But it is the predominant view thats allowed the US economy to get into this mess in the first place.
Yes, there was a financial crisis, but gross ignorance is the only excuse for letting it spill over into the real economy, and stay spilled over for well over a year.
But various recent studies suggest that conventional wisdom is backward.
Those studies remain ‘out of paradigm’ as well, of course.
One piece of evidence comes from Christina D. Romer, the chairwoman of the presidentâ€™s Council of Economic Advisers. In work with her husband, David H. Romer, written at the University of California, Berkeley, just months before she took her current job, Ms. Romer found that tax policy has a powerful influence on economic activity.
According to the Romers, each dollar of tax cuts has historically raised G.D.P. by about $3 â€” three times the figure used in the administration report. That is also far greater than most estimates of the effects of government spending.
Like it matters, as above. It’s the blind leading the blind, and giving each other Nobel prizes along the way.
Other recent work supports the Romersâ€™ findings. In a December 2008 working paper, Andrew Mountford of the University of London and Harald Uhlig of the University of Chicago apply state-of-the-art statistical tools to United States data to compare the effects of deficit-financed spending, deficit-financed tax cuts and tax-financed spending. They report that â€œdeficit-financed tax cuts work best among these three scenarios to improve G.D.P.â€
Notice the prefix ‘debt financed’ which is an inapplicable gold standard term.
My Harvard colleagues Alberto Alesina and Silvia Ardagna have recently conducted a comprehensive analysis of the issue. In an October study, they looked at large changes in fiscal policy in 21 nations in the Organization for Economic Cooperation and Development. They identified 91 episodes since 1970 in which policy moved to stimulate the economy. They then compared the policy interventions that succeeded â€” that is, those that were actually followed by robust growth â€” with those that failed.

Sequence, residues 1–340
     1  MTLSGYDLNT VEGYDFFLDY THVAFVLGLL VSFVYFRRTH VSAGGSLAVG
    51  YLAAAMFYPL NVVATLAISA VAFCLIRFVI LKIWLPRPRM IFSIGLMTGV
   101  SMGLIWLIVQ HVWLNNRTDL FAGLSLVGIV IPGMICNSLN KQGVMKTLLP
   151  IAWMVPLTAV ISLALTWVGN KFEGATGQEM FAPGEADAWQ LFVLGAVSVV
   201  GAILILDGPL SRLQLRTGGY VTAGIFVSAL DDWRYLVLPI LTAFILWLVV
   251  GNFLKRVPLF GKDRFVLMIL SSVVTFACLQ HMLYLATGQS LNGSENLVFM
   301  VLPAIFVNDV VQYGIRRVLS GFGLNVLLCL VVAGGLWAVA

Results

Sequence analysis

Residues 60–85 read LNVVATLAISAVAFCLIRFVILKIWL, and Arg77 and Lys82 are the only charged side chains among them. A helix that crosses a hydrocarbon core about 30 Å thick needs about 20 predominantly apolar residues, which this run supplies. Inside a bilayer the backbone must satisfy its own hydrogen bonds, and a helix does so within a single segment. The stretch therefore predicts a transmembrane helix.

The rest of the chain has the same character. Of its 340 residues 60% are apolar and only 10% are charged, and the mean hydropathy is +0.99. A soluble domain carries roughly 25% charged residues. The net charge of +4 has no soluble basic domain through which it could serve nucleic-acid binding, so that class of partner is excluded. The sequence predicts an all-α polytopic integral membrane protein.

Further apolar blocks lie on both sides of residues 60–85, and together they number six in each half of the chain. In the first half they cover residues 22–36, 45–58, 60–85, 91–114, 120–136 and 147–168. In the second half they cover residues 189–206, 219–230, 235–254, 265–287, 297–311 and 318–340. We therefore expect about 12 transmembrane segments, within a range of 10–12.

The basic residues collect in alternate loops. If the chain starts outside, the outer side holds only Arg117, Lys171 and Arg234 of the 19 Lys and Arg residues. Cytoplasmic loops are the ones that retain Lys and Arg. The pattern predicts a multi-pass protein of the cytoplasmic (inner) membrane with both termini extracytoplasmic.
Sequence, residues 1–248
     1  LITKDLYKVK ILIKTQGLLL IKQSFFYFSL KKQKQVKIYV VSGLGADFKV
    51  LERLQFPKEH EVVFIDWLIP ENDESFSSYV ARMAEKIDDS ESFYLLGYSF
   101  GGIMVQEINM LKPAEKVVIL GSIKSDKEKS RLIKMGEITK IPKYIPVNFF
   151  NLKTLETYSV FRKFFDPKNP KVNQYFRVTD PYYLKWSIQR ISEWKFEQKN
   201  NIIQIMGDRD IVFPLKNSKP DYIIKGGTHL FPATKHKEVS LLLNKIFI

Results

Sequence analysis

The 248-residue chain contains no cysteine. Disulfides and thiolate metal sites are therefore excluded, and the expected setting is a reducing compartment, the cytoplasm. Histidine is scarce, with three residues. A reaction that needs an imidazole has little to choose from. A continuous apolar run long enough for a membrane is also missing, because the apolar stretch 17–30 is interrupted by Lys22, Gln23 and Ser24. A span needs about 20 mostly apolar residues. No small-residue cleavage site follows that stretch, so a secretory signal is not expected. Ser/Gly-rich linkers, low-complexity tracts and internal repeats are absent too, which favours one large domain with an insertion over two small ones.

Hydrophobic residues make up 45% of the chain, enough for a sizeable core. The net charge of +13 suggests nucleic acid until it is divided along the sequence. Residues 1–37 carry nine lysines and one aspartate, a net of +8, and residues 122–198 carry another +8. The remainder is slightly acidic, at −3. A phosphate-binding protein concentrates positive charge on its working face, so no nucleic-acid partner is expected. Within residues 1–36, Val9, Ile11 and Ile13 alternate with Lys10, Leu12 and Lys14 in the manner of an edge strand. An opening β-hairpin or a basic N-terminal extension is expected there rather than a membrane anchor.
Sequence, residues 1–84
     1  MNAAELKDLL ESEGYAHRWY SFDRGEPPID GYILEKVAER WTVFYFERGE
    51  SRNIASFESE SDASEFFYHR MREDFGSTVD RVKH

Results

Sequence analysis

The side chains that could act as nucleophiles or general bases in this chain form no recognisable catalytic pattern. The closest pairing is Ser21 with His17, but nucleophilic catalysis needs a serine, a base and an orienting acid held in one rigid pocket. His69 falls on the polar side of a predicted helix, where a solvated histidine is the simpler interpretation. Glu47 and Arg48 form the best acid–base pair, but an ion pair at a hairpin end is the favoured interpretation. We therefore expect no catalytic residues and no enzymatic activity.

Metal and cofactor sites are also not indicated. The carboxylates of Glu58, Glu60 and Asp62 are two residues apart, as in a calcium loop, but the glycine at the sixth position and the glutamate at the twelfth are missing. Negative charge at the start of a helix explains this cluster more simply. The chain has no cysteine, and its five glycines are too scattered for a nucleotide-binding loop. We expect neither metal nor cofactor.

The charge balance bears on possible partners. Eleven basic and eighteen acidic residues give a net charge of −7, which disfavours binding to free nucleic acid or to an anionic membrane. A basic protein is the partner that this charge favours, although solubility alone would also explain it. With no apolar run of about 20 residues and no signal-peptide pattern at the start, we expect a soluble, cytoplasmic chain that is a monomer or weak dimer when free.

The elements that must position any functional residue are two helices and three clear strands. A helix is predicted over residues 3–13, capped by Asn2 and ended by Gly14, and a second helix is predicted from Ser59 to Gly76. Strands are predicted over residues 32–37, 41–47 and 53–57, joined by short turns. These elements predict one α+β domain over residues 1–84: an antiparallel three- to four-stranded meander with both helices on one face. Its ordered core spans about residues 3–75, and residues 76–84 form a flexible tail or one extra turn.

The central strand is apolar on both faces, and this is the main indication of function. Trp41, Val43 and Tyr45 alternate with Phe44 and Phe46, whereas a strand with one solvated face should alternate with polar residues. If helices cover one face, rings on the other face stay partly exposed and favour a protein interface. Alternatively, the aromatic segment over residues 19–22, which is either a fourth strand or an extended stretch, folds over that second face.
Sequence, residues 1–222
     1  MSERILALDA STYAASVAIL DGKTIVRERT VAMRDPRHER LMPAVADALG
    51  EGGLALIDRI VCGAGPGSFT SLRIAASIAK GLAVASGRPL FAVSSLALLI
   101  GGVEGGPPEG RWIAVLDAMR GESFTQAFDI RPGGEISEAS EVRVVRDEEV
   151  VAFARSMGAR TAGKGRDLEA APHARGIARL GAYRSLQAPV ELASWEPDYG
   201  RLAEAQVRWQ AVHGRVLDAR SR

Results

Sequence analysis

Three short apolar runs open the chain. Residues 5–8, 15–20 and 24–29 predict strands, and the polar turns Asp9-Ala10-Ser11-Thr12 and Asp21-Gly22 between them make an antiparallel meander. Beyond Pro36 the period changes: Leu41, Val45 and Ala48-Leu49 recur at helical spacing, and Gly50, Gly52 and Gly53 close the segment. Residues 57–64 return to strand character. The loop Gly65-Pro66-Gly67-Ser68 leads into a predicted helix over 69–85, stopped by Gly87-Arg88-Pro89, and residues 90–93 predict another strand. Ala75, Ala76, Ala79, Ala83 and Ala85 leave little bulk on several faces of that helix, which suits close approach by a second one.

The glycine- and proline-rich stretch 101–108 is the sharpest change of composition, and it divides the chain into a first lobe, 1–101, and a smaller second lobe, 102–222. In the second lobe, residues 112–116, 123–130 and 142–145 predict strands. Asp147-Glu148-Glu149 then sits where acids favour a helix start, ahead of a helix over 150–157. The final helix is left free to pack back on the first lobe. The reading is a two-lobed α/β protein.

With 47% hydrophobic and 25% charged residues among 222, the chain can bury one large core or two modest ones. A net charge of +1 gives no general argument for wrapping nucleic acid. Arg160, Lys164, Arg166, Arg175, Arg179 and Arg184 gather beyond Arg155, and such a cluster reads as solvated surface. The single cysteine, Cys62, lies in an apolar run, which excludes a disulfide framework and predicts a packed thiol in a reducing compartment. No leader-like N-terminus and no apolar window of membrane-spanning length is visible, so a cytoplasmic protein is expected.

The results are striking. Successful stimulus relies almost entirely on cuts in business and income taxes. Failed stimulus relies mostly on increases in government spending.
All these findings suggest that conventional models leave something out. A clue as to what that might be can be found in a 2002 study by Olivier Blanchard and Roberto Perotti. (Mr. Perotti is a professor at Boccini University in Milano, Italy; Mr. Blanchard is now chief economist at the International Monetary Fund.) They report that â€œboth increases in taxes and increases in government spending have a strong negative effect on private investment spending. This effect is difficult to reconcile with Keynesian theory.â€
The problem is none of them have the fundamental understanding of how a currency works to be capable of understanding what they have compiled.
Do they seriously believe, for example, that if govt went out and hired 10 million people private investment spending would go down, all else equal? Any of you want to take that bet???
These studies point toward tax policy as the best fiscal tool to combat recession,
Again with the word ‘best’ that implies taxing less than spending per se is ‘bad.’
particularly tax changes that influence incentives to invest, like an investment tax credit. Sending out lump-sum rebates, as was done in spring 2008, makes less sense, as it provides little impetus for spending or production.
The main incentives for investing are a backlog of orders and cost cutting.
And while the lump sum rebates were not anywhere near the top of my long list for policy options, they did add to aggregate demand and kept things from being even worse.
Like our doctor facing a mysterious illness, economists should remain humble and open-minded when considering how best to fix an ailing economy. A growing body of evidence suggests that traditional Keynesian nostrums might not be the best medicine.
N. Gregory Mankiw is a professor of economics at Harvard. He was an adviser to President George W. Bush.
Feel free to send this along to him, thanks.